Yes, that apostrophe is correctly placed and no I’m not cursing. ‘Cept maybe under my breath.
Non-cyclists frequently ask me why bikes cost so much. I’ve got a dozen different answers, but the truest of the bunch is also the least satisfying of all. I’ve worked in a part of the market where bikes cost a fair bit less than they do in bike shops. My experience there taught me that there is a good reason why a quality bike costs as much as it does.
In the mid 1990s Dick’s was a regional sporting goods chain with a dozen or so locations when they expanded out of their Mid-Atlantic base into New England. It was a big push and their West Springfield store was not only the largest Dick’s ever at roughly 55k square feet, it was the first to offer bikes and exercise equipment.
I was hired to run the bike “department.” The line I was fed was that we would be just like a specialty bike shop, but within a much larger business. We would be able to special order parts and do upgrades, but we wouldn’t have any repair business to speak of beyond our 30-day checks. The store manager who hired me promised that we’d have first-rate lines, though nothing imported. My responsibilities would include training the staff and setting our quality standards. As new stores prepared to open (they were beginning a big expansion throughout New England and the Mid-Atlantic), I’d be moved into a training role that would see me travel to all the new bike departments and train them.
I thought, This is the break I’ve been waiting for.
Of course, reality did little more than make a glancing introduction to the promises the manager made. Our “shop” carried Diamondback, Balance and one or two others, but our maintstays were those two. Our shop was a room smaller than some walk-in closets with a Park workstand with two arms, a few Park tools, a couple of screwdrivers and some Aqua Net hairspray. For anything more complicated than a bike assembly I had to bring in my own tools, and being a race mechanic, I had a pretty bomber tool kit that looked like a badass briefcase.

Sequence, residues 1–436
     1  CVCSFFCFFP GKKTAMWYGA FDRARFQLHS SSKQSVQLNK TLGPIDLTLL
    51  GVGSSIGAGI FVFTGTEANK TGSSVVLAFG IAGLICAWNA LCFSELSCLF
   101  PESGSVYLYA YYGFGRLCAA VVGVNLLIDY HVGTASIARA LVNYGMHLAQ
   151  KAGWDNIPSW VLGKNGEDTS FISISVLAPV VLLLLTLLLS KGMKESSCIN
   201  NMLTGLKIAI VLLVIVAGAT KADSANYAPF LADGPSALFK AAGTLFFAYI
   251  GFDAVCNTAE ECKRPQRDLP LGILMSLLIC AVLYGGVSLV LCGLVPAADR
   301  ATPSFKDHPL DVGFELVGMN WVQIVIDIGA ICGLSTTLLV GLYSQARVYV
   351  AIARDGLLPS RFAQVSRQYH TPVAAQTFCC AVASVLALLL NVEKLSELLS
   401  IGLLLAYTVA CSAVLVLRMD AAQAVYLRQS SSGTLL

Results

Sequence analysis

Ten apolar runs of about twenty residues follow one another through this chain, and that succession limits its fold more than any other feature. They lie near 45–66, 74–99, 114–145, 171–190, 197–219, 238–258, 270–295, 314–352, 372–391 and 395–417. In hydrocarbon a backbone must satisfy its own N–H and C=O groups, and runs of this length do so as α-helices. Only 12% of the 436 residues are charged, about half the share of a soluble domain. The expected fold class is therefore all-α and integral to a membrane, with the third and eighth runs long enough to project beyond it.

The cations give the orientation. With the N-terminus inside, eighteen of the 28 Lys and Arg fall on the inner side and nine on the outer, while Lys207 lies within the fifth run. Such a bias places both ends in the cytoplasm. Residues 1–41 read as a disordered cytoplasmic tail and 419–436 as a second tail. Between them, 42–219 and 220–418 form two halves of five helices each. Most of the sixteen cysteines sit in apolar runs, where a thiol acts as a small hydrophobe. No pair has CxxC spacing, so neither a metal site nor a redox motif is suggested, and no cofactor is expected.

I took the job with Dick’s because I believed in their stated goal of bridging the divide between the mass merchant and the specialty retailer. Most Huffy bikes are ridden fewer than 100 miles in their lives before being parked for good, pandemics aside. My experience told me that if someone had more fun on their bike they would ride it more. I saw this as an opportunity to bring better bikes to people who wouldn’t otherwise walk in a bike shop. Because the most expensive bike we sold went for roughly $700, we weren’t a big threat to most bike shops.
Knowing that we were unlikely to have many people come back for their 30-day checkup, something I hated doing anyway, I resolved to make sure that every bike that left the store was so thoroughly assembled as not to need any further check. Mostly, that meant making sure all the cables were properly adjusted. Mostly.
Because Dick’s soon had more than a dozen locations selling bikes, they suddenly gained buying power that most shops couldn’t touch and because they were focused on a slice of the market—better than mass merchant, but not really bike shop—that almost no one else was, they leapt at purchases that made sense to no one else.
Case in point: Diamondback produced a couple of hybrids, the Boardwalk and Parkplace, that were fairly popular, but one year they overproduced by probably double what they should have. When those bikes went on closeout to dealers, Dick’s buyers offered to buy the whole lot, so long as they received an even deeper discount.
Suddenly Dick’s had hundreds of Boardwalks and Parkplaces at roughly 60 percent of their suggested retail. It was an incredible opportunity for Dick’s customers. Saving people money like that felt dynamite.
But there were times when it felt like we were doing little more than saving people money. I’m someone who believes in quality, in doing a job well and spending more for something that will last longer. Working at Dick’s quickly became an affront to all of that.